FARMINGTON – Since the coronavirus-induced state closures in early March, practitioners in San Juan County – already working to expand mental health services – have seen an uptick in anxiety and depression related to economic worries.
Susan Hodgman, the behavioral health services director for San Juan County, said all of the community, statewide and national indicators show mental health is going to suffer. She said there has already been heightened reports of anxiety, sadness, grief and depression related to the coronavirus and the economic downturn.
“People are struggling, there’s a higher incidence of substance abuse relapse, increase in suicides and suicide ideation,” she said. “Behavioral health providers are really hustling to meet those needs.”
She said the San Juan County Mental Health Taskforce has partnered with local practitioners to talk about suicide support, anxiety, grief and depression in five-minute informative videos posted to its Facebook page.
Jolene Schneider, executive director of Four Winds Recovery Center in Farmington, said the need for treatment hasn’t lessened, and if anything, the need has increased.
“I think for all of us, it’s a very stressful time and a good amount of anxiety,” she said. “If most of us are going through that, it’s even more difficult for people going through the early stages of recovery.”
The recovery center, which offers one of the only inpatient services in the city, has implemented additional safety precautions. Proof of a negative COVID-19 test is required before intake, and clients are met outside for a health screening. Everyone must wear a mask, and the facility does an additional coronavirus test during intake. The management also decided to suspend the field trips outside of the facility and instead increase recreation activities available inside the center.
Schneider said one of the struggles in the early days of the pandemic was being able to find enough supplies for everyone living in the facility. The center continues to receive personal protective equipment from San Juan County Emergency Management Office, but she said sometimes finding bleach and other cleaning supplies locally has been an issue.
Schneider said the inpatient population is close to average, with a three- to four-week wait list to be admitted, but with inpatient services shifted to virtual, there has been a drop-off in participation. The recovery center was able to implement online groups fairly early in the pandemic, but it caused a few clients to drop away because they did not have reliable internet access.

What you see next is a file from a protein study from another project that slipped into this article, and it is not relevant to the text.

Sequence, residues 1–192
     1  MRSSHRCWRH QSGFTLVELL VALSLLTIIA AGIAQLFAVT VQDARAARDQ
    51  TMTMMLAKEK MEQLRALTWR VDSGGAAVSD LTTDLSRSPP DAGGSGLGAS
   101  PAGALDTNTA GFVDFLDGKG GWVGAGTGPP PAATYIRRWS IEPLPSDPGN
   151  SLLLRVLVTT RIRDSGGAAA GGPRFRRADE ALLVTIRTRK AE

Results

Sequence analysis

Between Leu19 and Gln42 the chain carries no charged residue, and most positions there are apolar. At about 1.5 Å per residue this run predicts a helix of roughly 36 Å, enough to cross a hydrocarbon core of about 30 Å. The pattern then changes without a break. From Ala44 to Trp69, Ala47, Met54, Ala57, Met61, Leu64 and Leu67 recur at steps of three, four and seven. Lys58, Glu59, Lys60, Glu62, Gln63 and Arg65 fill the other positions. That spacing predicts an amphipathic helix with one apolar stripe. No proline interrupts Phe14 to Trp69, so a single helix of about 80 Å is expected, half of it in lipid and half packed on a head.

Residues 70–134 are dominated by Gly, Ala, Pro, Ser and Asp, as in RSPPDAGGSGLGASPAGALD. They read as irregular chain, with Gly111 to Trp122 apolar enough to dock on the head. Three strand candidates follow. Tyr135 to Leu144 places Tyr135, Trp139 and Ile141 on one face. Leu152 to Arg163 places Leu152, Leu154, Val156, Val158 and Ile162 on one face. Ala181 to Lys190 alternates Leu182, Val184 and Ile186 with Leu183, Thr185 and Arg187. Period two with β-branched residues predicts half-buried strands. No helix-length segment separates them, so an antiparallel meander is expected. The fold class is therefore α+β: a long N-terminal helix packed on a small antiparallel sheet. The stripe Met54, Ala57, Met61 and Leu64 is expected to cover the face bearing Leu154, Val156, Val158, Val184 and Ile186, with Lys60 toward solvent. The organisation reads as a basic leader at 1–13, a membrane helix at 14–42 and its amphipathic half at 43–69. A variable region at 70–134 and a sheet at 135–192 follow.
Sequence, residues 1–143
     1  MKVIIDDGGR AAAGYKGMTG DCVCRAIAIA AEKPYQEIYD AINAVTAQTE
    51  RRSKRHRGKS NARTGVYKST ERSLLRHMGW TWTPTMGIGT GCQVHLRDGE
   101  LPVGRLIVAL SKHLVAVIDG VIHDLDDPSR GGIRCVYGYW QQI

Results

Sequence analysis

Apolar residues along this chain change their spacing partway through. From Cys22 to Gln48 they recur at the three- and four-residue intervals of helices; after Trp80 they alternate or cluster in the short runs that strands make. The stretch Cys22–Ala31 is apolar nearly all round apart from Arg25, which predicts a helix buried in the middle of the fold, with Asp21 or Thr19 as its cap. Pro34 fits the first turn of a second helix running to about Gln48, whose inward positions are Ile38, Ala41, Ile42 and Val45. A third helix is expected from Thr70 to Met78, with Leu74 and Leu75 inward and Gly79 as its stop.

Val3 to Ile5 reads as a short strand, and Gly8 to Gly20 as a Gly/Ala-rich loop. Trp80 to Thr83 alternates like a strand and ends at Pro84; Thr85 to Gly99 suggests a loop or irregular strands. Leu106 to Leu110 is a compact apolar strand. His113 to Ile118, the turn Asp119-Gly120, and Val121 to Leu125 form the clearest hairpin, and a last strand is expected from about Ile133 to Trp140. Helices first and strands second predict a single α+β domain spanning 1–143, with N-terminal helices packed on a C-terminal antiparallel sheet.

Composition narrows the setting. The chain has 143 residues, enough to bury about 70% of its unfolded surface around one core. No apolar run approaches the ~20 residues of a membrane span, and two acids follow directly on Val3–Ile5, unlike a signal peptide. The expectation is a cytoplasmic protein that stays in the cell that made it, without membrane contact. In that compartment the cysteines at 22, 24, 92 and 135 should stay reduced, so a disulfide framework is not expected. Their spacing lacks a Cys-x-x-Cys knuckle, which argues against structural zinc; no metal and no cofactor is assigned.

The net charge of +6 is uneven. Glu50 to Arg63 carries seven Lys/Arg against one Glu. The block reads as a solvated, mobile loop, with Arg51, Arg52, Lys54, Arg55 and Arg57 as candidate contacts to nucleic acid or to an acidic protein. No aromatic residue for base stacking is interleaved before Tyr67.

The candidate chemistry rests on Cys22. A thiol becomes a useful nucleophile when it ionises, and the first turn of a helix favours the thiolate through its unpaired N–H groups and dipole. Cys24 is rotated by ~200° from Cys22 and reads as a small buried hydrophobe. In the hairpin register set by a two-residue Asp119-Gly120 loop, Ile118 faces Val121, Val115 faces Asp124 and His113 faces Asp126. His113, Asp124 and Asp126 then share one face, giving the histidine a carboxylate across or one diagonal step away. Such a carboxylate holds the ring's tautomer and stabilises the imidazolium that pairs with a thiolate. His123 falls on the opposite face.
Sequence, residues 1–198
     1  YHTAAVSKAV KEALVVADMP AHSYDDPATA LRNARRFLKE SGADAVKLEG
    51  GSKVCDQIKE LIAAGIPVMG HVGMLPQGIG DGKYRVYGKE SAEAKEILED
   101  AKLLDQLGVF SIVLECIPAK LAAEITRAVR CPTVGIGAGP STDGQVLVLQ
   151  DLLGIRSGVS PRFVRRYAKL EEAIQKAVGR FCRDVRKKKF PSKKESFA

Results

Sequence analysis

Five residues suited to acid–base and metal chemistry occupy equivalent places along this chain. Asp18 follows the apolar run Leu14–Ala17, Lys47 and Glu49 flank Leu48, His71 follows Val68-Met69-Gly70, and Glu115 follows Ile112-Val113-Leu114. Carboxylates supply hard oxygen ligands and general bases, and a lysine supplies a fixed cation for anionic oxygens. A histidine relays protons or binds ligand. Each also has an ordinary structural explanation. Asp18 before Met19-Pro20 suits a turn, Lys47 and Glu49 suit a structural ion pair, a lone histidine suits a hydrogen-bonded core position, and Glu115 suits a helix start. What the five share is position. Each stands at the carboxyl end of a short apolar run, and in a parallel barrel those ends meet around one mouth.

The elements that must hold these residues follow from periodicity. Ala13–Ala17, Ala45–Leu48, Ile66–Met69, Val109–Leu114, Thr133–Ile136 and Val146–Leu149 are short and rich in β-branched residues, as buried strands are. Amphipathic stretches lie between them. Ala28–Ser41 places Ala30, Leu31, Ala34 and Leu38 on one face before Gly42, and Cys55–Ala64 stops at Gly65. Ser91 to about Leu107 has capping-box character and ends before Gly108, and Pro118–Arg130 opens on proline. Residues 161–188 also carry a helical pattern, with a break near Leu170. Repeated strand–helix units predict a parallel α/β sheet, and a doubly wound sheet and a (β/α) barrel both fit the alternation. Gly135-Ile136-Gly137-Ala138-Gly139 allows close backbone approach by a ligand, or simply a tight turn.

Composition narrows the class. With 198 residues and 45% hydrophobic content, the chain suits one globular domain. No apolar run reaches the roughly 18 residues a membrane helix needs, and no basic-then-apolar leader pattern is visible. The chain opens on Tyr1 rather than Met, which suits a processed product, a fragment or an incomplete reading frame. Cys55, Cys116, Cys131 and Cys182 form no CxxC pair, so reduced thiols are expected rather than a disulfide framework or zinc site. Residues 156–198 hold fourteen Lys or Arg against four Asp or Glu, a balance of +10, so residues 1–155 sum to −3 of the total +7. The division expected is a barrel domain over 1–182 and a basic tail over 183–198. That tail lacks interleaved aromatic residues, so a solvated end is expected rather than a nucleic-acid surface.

“There are some people that live on or near the reservation and just don’t have reliable internet service,” she said. “There’s also two or three who have struggled with their emotions going on and returned to using. We haven’t heard from them.”
Sadie Smith-McDaniel with Angel Peak Counseling in Bloomfield said her counseling business saw a similar drop off in patients during the first three weeks of the lockdown because people were unsure about doing telehealth. But after the first month, it picked up and went back to normal, she said.
“Right now, we’re running about 25 clients a week and three to five new intakes a week so we’ve definitely seen an increase,” Smith-McDaniel said. She is the sole practitioner at Angel Peak Counseling.
Smith-McDaniel, who has been in private practice for the last three years, said she has seen a lot of increased depression, anxiety and conflict within households centered around the economic downturn.
“Even if they haven’t currently lost a position, a lot of people are concerned about what could happen in the near future around employment,” she said. “Most of the concerns have not revolved around COVID itself but around the economic impact.”
Schneider said she has seen an increase in economic-centered worries in the in-patient center’s clients, too. While several of them, by the time they reach residential treatment, might not have a job, there’s a growing concern for family members who might be struggling while that individual is in treatment, she said.
“If someone loses their job, or there’s concern the family doesn’t have enough to eat, those kind of thoughts preoccupy a number of people,” Schneider said.
While counselors and therapists are now allowed to hold in-person sessions, telehealth was the predominant form of therapy early in the pandemic and statewide closures. Smith-McDaniel said it was an “overnight transition” for providers and clients.
“San Juan County in general lacks so many resources for mental health that prior to the quarantine and the pandemic, we already were overwhelmed,” she said. “We’ve managed it pretty well. The community of professionals have really worked together to fill any of the gaps that have been there.”
Hodgman also said there have been gaps in mental health services.
“There’s still a lack of providers here in the area,” she said. “When gas and oil went down, they took a lot of people with them. We’re still struggling to build our providers.”
But she added those agency directors and mental health providers in the area have been doing a strong job to provide those necessary services.
“I think it’s real important for people to recognize that we all have needs and to take care of those,” Hodgman said.